By SARAH KRASNOSTEIN
A woman in Australia may think she can freely access a safe abortion if she needs to. Until she finds out she can’t.
A woman in Australia may think that the battle for control over her body has been fought and won. Until she finds out it hasn’t.
In case the news that the Government is considering adding RU486 – the medical abortion pill – to the Pharmaceutical Benefits Scheme (PBS) has lulled you into thinking that women have made equality gains in Australia, think again.
Only since last August have I had somewhat, kind of, free-ish access to a medicine that is on the World Heath Organization list of essential medicines. A medicine that is available to my counterparts in about 50 other countries, some for the last 25 years.
Currently, RU486 is prohibitively expensive for many of the women who need it. It is prescribed by doctors in a limited number of clinics that many of those women cannot easily get to. And the only reason that it is available at all in Australia is because private providers took up the slack on the government’s obligation to provide access to health care.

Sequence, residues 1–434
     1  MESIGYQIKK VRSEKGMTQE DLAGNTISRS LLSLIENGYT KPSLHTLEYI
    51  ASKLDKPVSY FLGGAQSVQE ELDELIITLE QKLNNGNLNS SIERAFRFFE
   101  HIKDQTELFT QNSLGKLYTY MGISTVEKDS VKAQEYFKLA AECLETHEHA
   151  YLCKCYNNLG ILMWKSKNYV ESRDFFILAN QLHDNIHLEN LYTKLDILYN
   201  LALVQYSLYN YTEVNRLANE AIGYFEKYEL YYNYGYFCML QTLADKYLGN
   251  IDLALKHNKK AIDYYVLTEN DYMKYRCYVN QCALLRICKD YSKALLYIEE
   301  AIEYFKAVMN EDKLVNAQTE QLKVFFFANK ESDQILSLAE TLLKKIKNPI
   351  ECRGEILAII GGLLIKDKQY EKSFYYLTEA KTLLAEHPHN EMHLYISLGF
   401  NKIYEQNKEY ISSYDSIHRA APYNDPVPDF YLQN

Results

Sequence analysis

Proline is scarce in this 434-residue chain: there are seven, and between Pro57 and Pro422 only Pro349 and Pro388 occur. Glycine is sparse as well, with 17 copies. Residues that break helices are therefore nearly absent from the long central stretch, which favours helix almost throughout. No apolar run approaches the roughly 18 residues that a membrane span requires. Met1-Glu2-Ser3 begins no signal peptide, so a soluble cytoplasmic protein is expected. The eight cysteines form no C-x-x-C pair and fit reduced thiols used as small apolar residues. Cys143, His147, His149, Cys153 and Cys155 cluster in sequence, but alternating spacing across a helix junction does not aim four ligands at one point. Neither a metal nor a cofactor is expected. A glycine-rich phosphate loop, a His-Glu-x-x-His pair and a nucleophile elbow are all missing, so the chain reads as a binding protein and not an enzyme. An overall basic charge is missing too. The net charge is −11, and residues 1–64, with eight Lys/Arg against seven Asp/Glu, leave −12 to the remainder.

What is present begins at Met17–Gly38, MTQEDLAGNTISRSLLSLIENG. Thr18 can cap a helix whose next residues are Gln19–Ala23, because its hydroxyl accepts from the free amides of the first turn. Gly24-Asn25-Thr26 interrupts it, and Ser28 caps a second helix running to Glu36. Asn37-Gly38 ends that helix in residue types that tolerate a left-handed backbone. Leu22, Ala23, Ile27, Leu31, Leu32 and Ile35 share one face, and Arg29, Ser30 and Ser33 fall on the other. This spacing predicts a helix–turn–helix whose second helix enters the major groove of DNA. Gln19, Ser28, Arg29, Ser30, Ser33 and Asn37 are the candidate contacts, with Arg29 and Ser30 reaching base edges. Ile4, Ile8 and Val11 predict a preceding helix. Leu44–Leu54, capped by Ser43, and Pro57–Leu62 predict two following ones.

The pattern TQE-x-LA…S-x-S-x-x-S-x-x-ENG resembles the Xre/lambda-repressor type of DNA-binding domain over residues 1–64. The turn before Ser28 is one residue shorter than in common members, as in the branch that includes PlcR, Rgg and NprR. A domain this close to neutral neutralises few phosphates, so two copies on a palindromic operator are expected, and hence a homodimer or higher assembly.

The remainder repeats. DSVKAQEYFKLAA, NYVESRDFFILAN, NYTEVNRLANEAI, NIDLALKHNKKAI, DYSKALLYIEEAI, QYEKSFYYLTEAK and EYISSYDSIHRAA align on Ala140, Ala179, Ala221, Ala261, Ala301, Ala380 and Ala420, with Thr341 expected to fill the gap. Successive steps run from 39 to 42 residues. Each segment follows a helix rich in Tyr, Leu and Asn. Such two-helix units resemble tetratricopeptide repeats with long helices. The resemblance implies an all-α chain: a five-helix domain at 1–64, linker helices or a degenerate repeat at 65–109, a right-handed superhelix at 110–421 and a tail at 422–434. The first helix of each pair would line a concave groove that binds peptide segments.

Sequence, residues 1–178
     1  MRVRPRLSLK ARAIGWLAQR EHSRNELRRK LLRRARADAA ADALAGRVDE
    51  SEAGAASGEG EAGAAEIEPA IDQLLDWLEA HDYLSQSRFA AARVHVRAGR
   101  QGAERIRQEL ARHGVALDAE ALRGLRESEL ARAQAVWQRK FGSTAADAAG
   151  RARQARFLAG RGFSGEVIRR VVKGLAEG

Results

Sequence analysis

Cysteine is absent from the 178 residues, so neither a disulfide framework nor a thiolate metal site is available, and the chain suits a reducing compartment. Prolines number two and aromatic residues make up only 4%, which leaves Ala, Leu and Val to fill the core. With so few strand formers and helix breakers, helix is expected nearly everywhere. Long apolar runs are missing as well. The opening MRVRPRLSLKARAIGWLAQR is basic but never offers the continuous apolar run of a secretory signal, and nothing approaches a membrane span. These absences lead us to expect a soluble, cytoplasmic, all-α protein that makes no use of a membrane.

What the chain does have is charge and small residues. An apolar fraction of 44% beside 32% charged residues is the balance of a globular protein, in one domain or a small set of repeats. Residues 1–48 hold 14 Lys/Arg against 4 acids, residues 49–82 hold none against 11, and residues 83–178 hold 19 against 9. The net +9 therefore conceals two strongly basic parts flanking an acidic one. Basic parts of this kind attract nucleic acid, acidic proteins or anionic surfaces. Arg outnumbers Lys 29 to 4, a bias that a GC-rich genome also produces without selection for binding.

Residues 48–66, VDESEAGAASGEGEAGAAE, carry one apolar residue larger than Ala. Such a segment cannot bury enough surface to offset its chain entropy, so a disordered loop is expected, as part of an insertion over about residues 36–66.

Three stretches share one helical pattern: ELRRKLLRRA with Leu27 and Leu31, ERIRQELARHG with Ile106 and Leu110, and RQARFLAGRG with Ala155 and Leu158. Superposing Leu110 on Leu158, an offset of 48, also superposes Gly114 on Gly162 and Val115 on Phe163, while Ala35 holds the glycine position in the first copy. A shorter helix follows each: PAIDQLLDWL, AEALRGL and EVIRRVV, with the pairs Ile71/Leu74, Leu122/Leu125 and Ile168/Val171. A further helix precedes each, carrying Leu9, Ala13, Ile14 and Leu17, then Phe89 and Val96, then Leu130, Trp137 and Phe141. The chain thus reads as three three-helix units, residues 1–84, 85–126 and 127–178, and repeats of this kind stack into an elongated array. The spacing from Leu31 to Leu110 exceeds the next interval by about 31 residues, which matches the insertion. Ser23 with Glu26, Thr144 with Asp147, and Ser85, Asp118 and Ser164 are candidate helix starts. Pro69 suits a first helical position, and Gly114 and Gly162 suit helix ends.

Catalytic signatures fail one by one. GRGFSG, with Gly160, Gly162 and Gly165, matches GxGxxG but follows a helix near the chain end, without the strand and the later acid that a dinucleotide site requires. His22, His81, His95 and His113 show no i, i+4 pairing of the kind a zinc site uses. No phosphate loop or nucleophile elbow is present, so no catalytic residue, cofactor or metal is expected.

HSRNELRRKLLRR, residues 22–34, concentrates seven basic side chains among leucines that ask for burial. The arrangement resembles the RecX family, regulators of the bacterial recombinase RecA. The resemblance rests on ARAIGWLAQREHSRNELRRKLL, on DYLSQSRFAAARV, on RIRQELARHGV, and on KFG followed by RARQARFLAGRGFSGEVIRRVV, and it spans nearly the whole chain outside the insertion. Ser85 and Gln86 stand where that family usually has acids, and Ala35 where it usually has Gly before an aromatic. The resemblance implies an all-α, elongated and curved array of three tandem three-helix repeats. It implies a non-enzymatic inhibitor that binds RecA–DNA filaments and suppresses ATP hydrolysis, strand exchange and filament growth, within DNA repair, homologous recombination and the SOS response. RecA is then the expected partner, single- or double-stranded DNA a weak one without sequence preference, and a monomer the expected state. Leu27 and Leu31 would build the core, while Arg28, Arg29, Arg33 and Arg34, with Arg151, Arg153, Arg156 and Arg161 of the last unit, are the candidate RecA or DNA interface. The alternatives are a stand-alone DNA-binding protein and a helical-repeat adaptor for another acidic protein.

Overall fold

Surgical abortion requires anesthetic. It requires instruments inserted into the uterus. But since 1988, numerous countries have provided non-surgical alternative to early gestation termination. So the fact that the Australian Government is now poised to follow suit is good news. But the fact that true access to earlier and less traumatic abortion has come only at this extremely late stage is cause to stop and reflect.
Our Health Minister has described the Pharmaceutical Benefits Advisory Committee’s recommendation that the federal government subsidize RU486 as an important first step towards the drug being listed on the scheme once the government examined evidence on its safety.
To that I say: are you for real?
As if this evidence wasn’t already patently clear from 25 years of use in about 50 other countries and the endorsement of the World Health Organization that it should be made available to all women.